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Comment: Re:because drinking water is so pristine (Score 1) 13

by mysidia (#47438837) Attached to: Texas Town Turns To Treated Sewage For Drinking Water

not like the wild animals and fish don't piss and shit into our water

The concern is not piss and shit --- it's synthetic chemicals, such as rubbing alcohol, medications, petrol/motor oil, ethylene glycol; pesticides, fertilizer, and materials containing heavy metals or other toxins, that folks sometimes flush down the drain.

Some of these chemicals may be non-particulant, solvate in water, and have similar physical properties that water has.

Comment: Re: Idiots (Score 1) 137

The US taxpayer gave away airwaves to broadcasters in exchange from free service. The broadcaster can recoup costs and make a profit through advertising. Cable companies pay because they collect all signals and transmit to everyone. Aero rents an antenna and a DVD and records specific shows. I think the SCOTUS only looked at present revenue, no the long term impact of limiting broadcaster viability in the age of the internet. I have the right to place an antenna anywhere and receive a personal signal or recording of the signal. If the broadcasters are not going to honor the original mandate, they should give our airwaves back.

On a related note, broadcaster have been increasingly ignoring the public service mandate, and our government has been complicit in this. Aero is just another example of the giveaway of public resources to the privileged few.

Comment: Re:Time to abolish patents (Score 1) 73

by mysidia (#47431159) Attached to: Google, Dropbox, and Others Forge Patent "Arms Control Pact"

This is a fair question, and perhaps I would think differently in this position. I'm not in this position so my view is not tainted by my greed.

The patent holders often view the public as greedy. These other companies want to capitalize on their invention and not compensate the patent holder their 'fair share' for creating their 'invention'!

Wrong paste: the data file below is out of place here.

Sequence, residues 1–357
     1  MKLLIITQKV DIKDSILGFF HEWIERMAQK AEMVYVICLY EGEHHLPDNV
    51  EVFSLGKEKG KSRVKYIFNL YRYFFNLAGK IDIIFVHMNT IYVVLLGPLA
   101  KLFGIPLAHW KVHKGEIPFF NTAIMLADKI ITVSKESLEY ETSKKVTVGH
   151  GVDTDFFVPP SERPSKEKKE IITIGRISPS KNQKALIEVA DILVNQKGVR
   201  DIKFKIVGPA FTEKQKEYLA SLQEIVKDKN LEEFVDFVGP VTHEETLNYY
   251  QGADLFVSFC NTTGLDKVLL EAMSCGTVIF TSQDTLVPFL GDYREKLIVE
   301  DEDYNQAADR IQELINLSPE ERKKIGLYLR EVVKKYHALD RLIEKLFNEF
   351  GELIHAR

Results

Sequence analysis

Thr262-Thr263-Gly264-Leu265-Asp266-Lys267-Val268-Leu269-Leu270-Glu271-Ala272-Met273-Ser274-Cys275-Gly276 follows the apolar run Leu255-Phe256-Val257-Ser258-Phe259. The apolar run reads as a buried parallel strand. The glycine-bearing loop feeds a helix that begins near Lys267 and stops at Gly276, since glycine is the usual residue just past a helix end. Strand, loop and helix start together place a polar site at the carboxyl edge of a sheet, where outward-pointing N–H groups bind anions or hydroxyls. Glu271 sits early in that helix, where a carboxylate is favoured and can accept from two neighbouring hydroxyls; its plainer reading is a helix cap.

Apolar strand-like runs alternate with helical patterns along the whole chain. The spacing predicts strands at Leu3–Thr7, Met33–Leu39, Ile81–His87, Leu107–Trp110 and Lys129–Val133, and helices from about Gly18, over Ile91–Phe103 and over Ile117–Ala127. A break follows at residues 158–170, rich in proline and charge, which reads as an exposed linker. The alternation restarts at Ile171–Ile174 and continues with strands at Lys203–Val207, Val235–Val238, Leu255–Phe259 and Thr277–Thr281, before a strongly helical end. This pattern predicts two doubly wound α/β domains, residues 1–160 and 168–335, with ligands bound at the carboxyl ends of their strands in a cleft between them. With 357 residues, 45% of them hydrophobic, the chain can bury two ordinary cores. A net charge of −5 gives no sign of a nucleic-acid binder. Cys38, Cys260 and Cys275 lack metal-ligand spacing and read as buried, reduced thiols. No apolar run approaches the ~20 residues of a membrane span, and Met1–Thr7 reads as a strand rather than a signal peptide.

Comment: Re:As plain as the googgles on your face (Score 1) 56

by Sloppy (#47427477) Attached to: The Future of Wearables: Standalone, Unobtrusive, and Everywhere

As intrusive as the Google Glass has proven to be, it will only be worse when observation recording tech is more difficult to detect.

I disagree. The exact opposite: when people stop noticing, they will stop caring. It won't be perceived as intrusive anymore, and people will be less annoyed by it.

It's the conspicuousness of the camera in Google Glass, the constant reminder that you might be recorded, that makes most people feel creeped out. For the previous decade leading up to that product, nobody cared about small+cheap camera tech itself. And people walk/drive by fixed-position cameras all the time, and don't give a fuck there either. Peoples's behavior shows that "intrusiveness" happens when a cameras looks like a camera, and I suspect it also has something to do with being face-level, literally "in your face" and you're making eye contact with it, unlike the case with less conspicuous cameras. It was never about privacy; it's some aspect of self-consciousness kind of related to privacy, but a different thing.

You might say "maybe you, but I sure care. Hell yes it's about privacy." Of course you say that. I'm talking about how people behave and the emotions they display. Not their innermost secret thoughts that they are always terrified to express in voting booths or policy decisions, yet are happy to speak of on the Internet.

You know, the Internet, where they don't have a camera in their face making them all self-conscious! The Internet, where instead of a terrifying 1x1 pixel image that makes you think "WTF is that? That's weird! Are you watching me?" you now instead see a bunch of "like buttons" which are obviously for liking things, not getting your browser to send a request to an unrelated tracking server.

In addition, there's a certain inevitability about it all. The cameras have been there a long time, there are more today, and there will be even more tomorrow. You can't do anything about it, except stay at home. So you'll either accept or you'll go insane and get selected out. You'll handle it. (Contrast that to Google Glass, the one small camera out of the hundreds out there, that you actually recognize and is also rare enough that there's little social cost to shunning. With GG you can refuse to accept and also stay within social norms, so GG is different.)

Comment: Re:Bitcoin isn't money but it's still a financial (Score 1) 132

by Sloppy (#47424471) Attached to: Judge Shoots Down "Bitcoin Isn't Money" Argument In Silk Road Trial

Bitcoin's primary purpose is to traffic/launder money and goods.

Objection. Will stipulate that its primary purpose is to traffic. But I call mega-bullshit on its primary or even secondary purpose being to launder, though there might be a way one could use Bitcoin for that.

Comment: Re:Cry Me A River (Score 1) 586